IU East disability services coordinator shares life changing moment, childhood experiences in “The Movement”November 14th, 2011
Traci Taylor has been an advocate for people with disabilities since her childhood. She hopes to continue advocating through her participation in a film being released this fall, “The Movement: One Man Joins an Uprising.”
Taylor, disability services coordinator at IU East, is one of four mentor athletes featured in “The Movement” who have overcome their disabilities to find freedom through skiing. The 40-minute film is narrated by Robert Redford and Warren Miller.
As an infant, Taylor was given a 10 percent chance of surviving because she was born with Sacral Agenesis, now known as Caudal Regression.
Taylor beat the odds and not only survived, but became a voice for others with disabilities. She grew up in Los Angeles and was the face of the March of Dimes in Los Angeles County from 1976 to 1983. She attended dinners, award ceremonies, the Reading Olympics, and other events to help bring awareness to the organization.
“I have always been a proud woman with a disability. I was strengthened by my childhood experiences,” Taylor said.
Her childhood also brought her together with Warren Miller, a pioneer of action sports films, known for writing, directing and filming skiing and snowboarding movies.
Taylor remembers first meeting Miller while watching her brothers, Rob and Dave, skiing the March of Dimes Classic. She recalls Miller asking her if she wanted to ski, something she never considered she would be able to do when she agreed.
It was a life-changing moment.
“It was one of the coolest things I had ever done,” Taylor said. “I just accepted that I wasn’t going to join my brothers on the slopes,” Taylor said. “So when he (Warren Miller) offered to take me skiing, I was like, ‘What! Really!’ It was a whole new era for me.”
Warren offered to help Taylor to learn to ski. She also became one of the featured skiers in “Steep and Deep,” a film Warren and his son, Kurt Miller, were filming while Taylor was learning how to ski in Winter Park, Colo. Kurt Miller is the executive producer of “The Movement.”
Eventually, Taylor left as the March of Dimes representative to have a normal childhood. She graduated from high school and went on to earn her Bachelor of Science in Psychology from the University of Central California and her Master of Science in Rehabilitation Counseling from California State University Fresno. For eight years, Taylor has worked with students at IU East in the Office of Student Support Services, as part of program that helps first-generation students, low-income students or students with disabilities to adjust to and to succeed in college by providing comprehensive academic assistance.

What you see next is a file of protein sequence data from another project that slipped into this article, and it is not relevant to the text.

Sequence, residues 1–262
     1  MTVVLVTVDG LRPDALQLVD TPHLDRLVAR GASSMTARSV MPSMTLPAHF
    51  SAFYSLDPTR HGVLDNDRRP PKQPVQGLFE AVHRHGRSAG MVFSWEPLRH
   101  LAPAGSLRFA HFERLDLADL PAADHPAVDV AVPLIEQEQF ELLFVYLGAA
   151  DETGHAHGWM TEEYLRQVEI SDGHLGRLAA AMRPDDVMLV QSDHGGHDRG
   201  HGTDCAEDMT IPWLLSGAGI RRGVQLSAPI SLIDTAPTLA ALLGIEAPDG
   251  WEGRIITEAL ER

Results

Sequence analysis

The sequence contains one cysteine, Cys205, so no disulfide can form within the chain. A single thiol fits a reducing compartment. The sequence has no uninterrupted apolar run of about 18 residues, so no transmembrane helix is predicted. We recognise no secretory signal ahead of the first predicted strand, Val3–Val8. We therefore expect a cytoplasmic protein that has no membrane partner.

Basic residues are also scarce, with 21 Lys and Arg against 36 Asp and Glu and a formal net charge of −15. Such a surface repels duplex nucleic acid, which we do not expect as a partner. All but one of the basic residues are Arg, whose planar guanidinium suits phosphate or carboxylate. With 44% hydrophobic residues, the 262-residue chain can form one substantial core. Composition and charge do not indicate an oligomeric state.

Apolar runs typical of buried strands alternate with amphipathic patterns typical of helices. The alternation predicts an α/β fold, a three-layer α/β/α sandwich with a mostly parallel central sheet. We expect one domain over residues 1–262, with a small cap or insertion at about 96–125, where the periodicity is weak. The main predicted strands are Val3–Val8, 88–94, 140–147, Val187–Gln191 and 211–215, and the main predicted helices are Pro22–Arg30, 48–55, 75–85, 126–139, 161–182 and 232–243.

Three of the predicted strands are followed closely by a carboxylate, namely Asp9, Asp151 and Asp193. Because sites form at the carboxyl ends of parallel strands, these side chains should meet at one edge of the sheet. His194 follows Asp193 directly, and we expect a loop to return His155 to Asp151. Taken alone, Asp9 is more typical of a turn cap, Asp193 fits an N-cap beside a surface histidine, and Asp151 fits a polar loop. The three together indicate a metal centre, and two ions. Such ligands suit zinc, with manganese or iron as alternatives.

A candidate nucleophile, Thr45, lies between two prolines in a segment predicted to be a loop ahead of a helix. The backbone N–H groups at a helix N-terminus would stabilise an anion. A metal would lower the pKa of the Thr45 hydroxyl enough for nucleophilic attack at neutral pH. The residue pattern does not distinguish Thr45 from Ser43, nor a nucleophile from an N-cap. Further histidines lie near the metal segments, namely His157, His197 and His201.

Over the years, Taylor and Warren Miller have kept in touch. About two years ago, she was contacted by Kurt Miller, as he was then forming the Make a Hero organization, and he discussed wanting to bring adaptive sports to the forefront. “I, of course, thought that it was a fabulous thing and I jumped on the bandwagon right away,” Taylor said.
Taylor traveled back to her hometown, Los Angeles, to film her interview for “The Movement.” She talks about her childhood and how skiing opened up a new world and sense of freedom. “I had been involved in other athletic ventures but I didn’t think skiing was an option. Not until I met the Millers,” Taylor said.
Taylor attended one of the premieres of the movie in Detroit, Mich., November 12, and will attend the Hollywood premiere in early January. She said she is excited to see reactions of people from the skiing community. She is also hopeful that the movie helps to dispel the belief that those with disabilities cannot be an athlete.
“I hope it brings a general knowledge of all adaptive sports as well as beyond skiing that someone with a disability can be successful in athletic sports,” Taylor said. “You can be very successful in athletics and still have a disability.”
If there is one thing Taylor wants anyone to take away from “The Movement,” it’s to never underestimate opportunity.
“Be open to the opportunity to do things in ways that may be untraditional but are still just as effective,” Taylor said.